Regulus Therapeutics to Present New In Vivo Data for microRNA-21 in Kidney Fibrosis -Regulus Scientists to Provide Update on Lead Therapeutic Program at American Society of Nephrology Meeting-
LA JOLLA, Calif., Nov. 8, 2011 /PRNewswire/ -- Regulus Therapeutics Inc., a biopharmaceutical company leading the discovery and development of innovative medicines targeting microRNAs, today announced presentations on its preclinical programs for the treatment of fibrosis at the American Association of Nephrology "Kidney Week" Annual Meeting held Nov. 8–13, 2011, in Philadelphia. New data will be presented demonstrating that microRNA-21 (miR-21) is upregulated in human patients and animal models with kidney injury and fibrosis. In preclinical models, genetic deletion of miR-21 or pharmacologic inhibition using proprietary anti-miR oligonucleotides decreased fibrotic gene expression and improved kidney fibrosis. These new data demonstrate that miR-21 contributes to fibrosis and epithelial injury in the kidney, and supports the development of anti-miR-21 oligonucleotides as a therapeutic approach for treating chronic kidney disease.
"In collaboration with Dr. Jeremy S. Duffield, M.D., Ph.D., University of Washington, we have shown that inhibition of miR-21 with our proprietary anti-miR oligonucleotides is effective at preventing kidney fibrosis in animal models. We are working with our partners at Sanofi to select optimal anti-miR-21 oligonucleotides to move forward into clinical development," said Neil W. Gibson, Ph.D. Chief Scientific Officer of Regulus Therapeutics. "Fibrosis is a key contributor to several disease conditions having limited treatment options, and anti-miR oligonucleotides targeting miR-21 provide a promising innovative approach to this significant unmet medical need."
"The kidney acts as the body's natural filter of blood, removing waste products, toxins and producing urine. As such, the kidney is particularly susceptible to fibrosis because of its highly unusual vascular bed and susceptibility to tissue ischemia. The causes of kidney fibrosis are many including diabetes and hypertension, as well as acute injuries to the kidney such as IgA nephropathy, a common form of inflammation of the glomeruli, or as the result of organ transplant," said Dr. Duffield, M.D., Ph.D. Associate Professor of Medicine, in the Division of Nephrology, at the University of Washington. "In our work with Regulus, we have identified microRNA signatures in kidney injury and fibrosis in both animal models and human disease. Our results strongly suggest that miR-21 contributes to the pathogenesis of kidney injury and fibrosis, and inhibition with anti-miR-21 oligonucleotides may be useful as a treatment of chronic kidney diseases in humans."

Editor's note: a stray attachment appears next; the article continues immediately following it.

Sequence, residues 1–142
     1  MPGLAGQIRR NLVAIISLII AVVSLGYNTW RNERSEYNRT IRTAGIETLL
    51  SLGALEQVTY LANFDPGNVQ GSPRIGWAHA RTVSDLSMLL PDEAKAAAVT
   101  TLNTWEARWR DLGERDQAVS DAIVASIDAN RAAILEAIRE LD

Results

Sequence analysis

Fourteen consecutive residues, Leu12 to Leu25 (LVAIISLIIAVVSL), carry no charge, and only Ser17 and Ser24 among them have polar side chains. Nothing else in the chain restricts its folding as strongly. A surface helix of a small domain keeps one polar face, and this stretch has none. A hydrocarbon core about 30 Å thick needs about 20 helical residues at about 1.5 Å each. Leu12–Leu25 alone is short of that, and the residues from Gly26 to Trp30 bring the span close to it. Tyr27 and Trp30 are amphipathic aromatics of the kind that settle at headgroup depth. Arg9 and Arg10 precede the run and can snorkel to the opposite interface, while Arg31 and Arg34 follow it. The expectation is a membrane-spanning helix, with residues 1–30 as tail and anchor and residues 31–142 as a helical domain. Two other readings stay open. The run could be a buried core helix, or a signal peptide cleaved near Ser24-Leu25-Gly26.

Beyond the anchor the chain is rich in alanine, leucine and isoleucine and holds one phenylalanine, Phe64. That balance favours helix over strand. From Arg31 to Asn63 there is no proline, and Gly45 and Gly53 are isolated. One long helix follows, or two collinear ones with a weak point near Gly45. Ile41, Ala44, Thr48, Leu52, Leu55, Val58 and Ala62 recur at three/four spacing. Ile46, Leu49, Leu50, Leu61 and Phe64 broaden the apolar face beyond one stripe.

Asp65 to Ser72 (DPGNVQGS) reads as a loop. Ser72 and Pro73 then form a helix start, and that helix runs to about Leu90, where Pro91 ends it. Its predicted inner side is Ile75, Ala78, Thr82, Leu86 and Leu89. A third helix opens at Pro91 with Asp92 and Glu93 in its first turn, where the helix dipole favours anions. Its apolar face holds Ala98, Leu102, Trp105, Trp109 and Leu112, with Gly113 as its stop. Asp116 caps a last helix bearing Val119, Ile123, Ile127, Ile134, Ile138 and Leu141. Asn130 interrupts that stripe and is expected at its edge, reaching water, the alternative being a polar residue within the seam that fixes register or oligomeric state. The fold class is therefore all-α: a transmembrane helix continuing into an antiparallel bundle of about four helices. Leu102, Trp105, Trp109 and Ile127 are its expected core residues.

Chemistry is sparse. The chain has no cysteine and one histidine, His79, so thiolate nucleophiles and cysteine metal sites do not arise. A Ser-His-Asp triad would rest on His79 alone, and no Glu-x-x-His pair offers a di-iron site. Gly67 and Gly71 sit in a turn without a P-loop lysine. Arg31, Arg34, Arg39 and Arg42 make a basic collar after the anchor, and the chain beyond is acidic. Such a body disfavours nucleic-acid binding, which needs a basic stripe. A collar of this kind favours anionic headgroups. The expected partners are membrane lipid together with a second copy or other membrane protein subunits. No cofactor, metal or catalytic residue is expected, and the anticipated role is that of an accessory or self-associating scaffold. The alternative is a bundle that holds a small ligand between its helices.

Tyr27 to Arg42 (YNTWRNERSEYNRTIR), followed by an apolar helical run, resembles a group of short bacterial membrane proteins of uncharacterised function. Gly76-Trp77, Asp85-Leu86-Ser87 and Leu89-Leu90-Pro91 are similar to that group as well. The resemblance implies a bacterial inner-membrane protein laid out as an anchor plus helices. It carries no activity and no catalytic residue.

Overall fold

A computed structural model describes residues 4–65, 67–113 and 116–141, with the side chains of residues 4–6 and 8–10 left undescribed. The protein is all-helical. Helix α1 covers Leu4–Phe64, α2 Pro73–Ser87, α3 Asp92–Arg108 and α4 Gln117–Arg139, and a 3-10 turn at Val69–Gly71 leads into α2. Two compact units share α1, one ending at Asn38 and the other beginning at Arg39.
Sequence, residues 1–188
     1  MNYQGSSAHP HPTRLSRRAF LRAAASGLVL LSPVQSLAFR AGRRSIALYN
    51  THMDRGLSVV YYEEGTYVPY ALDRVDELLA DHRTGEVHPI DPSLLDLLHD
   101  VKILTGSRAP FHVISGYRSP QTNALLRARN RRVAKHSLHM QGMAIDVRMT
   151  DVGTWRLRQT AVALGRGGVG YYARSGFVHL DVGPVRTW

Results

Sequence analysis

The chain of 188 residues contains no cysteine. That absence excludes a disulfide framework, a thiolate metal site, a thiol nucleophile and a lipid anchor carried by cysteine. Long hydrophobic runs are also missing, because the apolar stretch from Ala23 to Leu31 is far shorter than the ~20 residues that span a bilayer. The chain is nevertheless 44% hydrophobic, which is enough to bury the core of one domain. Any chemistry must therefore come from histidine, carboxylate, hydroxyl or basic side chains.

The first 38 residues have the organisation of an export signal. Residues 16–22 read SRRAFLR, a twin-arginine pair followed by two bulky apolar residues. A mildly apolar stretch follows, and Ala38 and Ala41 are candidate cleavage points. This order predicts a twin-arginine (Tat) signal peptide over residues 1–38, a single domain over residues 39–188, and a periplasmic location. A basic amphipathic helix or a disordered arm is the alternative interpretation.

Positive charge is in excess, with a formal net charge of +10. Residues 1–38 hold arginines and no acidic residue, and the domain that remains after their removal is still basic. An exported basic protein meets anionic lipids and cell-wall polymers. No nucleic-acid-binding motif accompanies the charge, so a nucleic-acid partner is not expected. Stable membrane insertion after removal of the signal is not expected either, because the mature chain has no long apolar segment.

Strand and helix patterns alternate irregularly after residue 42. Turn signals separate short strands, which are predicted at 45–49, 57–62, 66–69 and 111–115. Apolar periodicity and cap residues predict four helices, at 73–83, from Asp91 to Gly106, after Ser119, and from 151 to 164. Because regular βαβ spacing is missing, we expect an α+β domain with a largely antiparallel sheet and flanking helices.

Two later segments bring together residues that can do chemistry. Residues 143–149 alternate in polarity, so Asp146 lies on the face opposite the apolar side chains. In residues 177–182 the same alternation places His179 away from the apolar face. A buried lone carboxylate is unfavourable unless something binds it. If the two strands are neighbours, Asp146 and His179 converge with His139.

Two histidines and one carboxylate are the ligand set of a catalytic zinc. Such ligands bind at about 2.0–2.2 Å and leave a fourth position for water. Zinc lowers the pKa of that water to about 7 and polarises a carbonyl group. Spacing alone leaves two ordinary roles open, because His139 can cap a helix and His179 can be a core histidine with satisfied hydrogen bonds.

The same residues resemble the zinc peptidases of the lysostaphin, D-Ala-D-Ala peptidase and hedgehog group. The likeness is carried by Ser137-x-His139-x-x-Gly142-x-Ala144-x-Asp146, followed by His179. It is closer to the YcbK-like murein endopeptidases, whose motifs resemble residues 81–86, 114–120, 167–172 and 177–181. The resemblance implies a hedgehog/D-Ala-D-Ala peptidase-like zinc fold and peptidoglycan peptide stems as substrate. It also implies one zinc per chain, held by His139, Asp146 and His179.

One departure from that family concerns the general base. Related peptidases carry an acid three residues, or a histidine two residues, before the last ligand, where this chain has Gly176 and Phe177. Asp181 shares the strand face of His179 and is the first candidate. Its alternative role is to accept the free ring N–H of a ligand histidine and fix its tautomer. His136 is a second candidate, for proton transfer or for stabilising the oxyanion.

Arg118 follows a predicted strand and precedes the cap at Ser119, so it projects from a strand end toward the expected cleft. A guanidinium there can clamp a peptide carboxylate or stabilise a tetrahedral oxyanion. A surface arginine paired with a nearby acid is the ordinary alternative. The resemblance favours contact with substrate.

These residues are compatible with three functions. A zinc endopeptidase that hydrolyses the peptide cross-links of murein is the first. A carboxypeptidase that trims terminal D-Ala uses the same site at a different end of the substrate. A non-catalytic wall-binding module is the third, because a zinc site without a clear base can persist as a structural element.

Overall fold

Regulus controls fundamental patent rights related to miR-21, including compositions of matter for the miR-21 sequence and complement covered in the Tuschl III patent series. Additional Regulus patent rights include compositions of matter for various chemically modified anti-miR-21 oligonucleotides and methods of use for the treatment of fibrosis with anti-miR-21.
Regulus is advancing multiple microRNA therapeutic programs to the clinic in the areas of fibrosis, HCV infection, immuno-inflammatory disease, metabolic disease, and oncology. The miR-21 program is partnered with Sanofi and together we are advancing anti-miR-21 toward the clinic.
Regulus will have two oral presentations at Kidney Week:
1. B. Nelson Chau, Ph.D. Associate Director at Regulus will be giving the lecture "microRNA Therapeutics" on November 9th, 2011 at 3:00pm as part of a focused Early Session: Advances in Research Conference: MicroRNA.
2. Deidre MacKenna, Ph.D. Director at Regulus will be giving an oral presentation entitled: "Inhibition of microRNA-21 as a Therapeutic Strategy for Kidney Fibrosis" on November 12th, 2011 at 4:30pm as part of the session on "Tubular Injury and Fibrosis: Starting and Stopping".
Data that will be presented include the demonstration that miR-21 is upregulated in kidney injury and fibrosis in both preclinical mouse models and human patients. Regulus and collaborators used two well-characterized preclinical mouse models of kidney damage: unilateral ureteral obstruction (UUO) and unilateral ischemia reperfusion injury (IRI) models. miR-21 was highly expressed in normal kidney and was further induced in response to either UUO or IRI. In humans, miR-21 was upregulated in biopsies from kidney transplant patients with histological markers of acute kidney injury (AKI) and chronic allograft nephropathy (CAN). To further understand the role of miR-21 in the preclinical models, miR-21 deficient mice were characterized and found to be healthy, fertile, and have normal body weight. Additionally, these mice were resistant to fibrosis induced in either the UUO or IRI models. The results were recapitulated in the UUO model using anti-miR-21 oligonucleotides administered prophylactically. The mice treated with anti-miR-21 had improved fibrosis as judged both by histology or fibrotic gene expression. Gene expression data from kidneys of wildtype and miR-21 knockout mice identified about 700 genes that appear to be regulated by miR-21, including genes involved in metabolic pathways such as PPARa (peroxisome proliferator-activated receptor alpha). PPARa is a central transcription factor that regulates a number of lipid oxidation and metabolism pathways. Genetic manipulation of PPARa expression further validated the role of miR-21 in UUO induced fibrosis. Mice lacking PPARa were not protected by anti-miR-21 treatment, while those that expressed PPARa specifically in the proximal tubule epithelium were protected. Induction of PPARa appears to participate in the protective effects of anti-miR-21 treatment, potentially through protection of the epithelial tubule injury and repair processes. These studies demonstrate that miR-21 contributes to fibrogenesis and epithelial injury in the kidney, and is a candidate target for anti-fibrotic therapy.